The forgotten photos of a Chicago nanny, a street artist that turns paint buckets into self-playing drums and the multimedia work of one of Croatia's early feminists. Plus: a talk at the New Museum explores the ways in which video games are bleeding into other areas of culture. It's a good week to be in the big bad city. Here's what we're looking at:
Vivian Maier at Steven Kasher Gallery When Vivian Maier passed away at the age of 83 in 2009, she left behind more than 100,000 negatives and hundreds of undeveloped film rolls. It was a vital record of public urban life — from society dames to passed-out drunks — except that nobody knew about it. Maier had worked as a nanny for much of her life, mainly for families in the Chicago area. That she appeared to spend her every spare minute taking pictures is not something that ever appeared to catch anyone’s notice. In 2007, a boxful of her negatives turned up at auction when her storage locker was seized for non-payment. It was sold for $400. Since the discovery of her work, her unflinching black-and-white pictures have been the subject of newspaper articles and gallery shows. Now a small portion of her images are going on view at Steven Kasher — a fine opportunity to soak up the work of an artist who, in death, has no choice but to let her work speak for itself. And speak it does: about the frailty and power of human existence, but also its joys and its absurdities. If for some reason you can’t make it to the exhibit, be sure to pick up the new monograph of her work that was just published by PowerHouse Books. It is absolutely riveting. Opens today at 6 P.M., in Chelsea.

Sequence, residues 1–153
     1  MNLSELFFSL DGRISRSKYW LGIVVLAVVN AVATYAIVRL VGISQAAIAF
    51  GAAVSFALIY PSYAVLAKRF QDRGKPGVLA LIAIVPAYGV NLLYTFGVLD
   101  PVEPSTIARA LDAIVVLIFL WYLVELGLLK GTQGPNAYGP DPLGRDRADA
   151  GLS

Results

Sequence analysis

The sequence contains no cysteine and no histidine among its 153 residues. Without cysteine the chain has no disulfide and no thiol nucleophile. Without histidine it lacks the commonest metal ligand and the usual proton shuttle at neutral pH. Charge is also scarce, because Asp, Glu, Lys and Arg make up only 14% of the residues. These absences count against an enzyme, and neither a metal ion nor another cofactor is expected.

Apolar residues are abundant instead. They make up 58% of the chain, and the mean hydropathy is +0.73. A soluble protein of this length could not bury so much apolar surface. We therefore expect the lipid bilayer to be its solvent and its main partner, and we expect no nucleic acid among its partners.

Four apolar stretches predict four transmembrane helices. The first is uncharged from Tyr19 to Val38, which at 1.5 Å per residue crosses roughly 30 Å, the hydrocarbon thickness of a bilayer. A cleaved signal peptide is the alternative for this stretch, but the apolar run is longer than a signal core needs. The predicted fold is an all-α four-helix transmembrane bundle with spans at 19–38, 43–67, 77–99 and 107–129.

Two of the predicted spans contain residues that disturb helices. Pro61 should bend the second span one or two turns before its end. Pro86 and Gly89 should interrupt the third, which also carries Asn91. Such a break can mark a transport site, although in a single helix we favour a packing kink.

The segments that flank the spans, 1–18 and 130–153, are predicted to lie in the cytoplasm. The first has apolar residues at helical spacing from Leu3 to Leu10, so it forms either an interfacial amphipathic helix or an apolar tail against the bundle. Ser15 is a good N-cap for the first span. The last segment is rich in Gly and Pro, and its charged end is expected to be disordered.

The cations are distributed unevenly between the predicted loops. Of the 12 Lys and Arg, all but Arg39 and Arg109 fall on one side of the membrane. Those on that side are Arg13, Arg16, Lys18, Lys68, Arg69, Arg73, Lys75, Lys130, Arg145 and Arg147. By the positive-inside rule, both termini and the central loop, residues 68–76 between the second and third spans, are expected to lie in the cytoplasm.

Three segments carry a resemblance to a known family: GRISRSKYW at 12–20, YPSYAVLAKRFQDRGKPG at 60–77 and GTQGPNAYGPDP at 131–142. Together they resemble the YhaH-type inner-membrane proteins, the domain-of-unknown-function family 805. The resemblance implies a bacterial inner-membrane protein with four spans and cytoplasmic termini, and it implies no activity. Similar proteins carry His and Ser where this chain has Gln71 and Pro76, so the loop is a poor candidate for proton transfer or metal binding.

David Ellis, True Value, at the Joshua Liner Gallery For years, this long-time street artist has largely occupied himself with two types of works: collaborative murals whose creation and destruction he records via time-lapse video and massive sound installations crafted from common objects (think: water jugs and empty beer bottles). In his first solo show at Joshua Liner, Ellis will be showing a bit of both, including a new time-lapse video titled Animal, as well as a sonic sculpture made out of paint buckets. Should be good for getting down. Opens today at 6 P.M., in Chelsea.
Sanja Iveković: Sweet Violence, at the Museum of Modern Art One of Croatia’s early feminist artists, the Zagreb-born Iveković has long explored issues of politics and gender in her work — most famously in 1979, when she openly flouted a ban on sitting on balconies (Marshal Tito was in town). She not only sat on her balcony, but read a book, drank whiskey and feigned masturbation, a short-lived performance (the authorities showed up at her door) that was documented in photographs. Now the artist is the subject of her first solo museum show in the U.S. — a good piece of it centered on her work from the 1970s, when artists in Croatia began to push back against the institutions that had long governed their lives. Opens Sunday, in Midtown.
PLUS: The New Museum is hosting a conversation with Kill Screen magazine on the dialogue between video games and other facets of culture. On the roster are new media stalwarts such as Dave Mark, Mary Flanagan, Tabor Robak, Katherine Isbister, Casey Reas and Andy Nealen. A must-do for the game geeks. This Friday at 7 P.M., on the Lower East Side.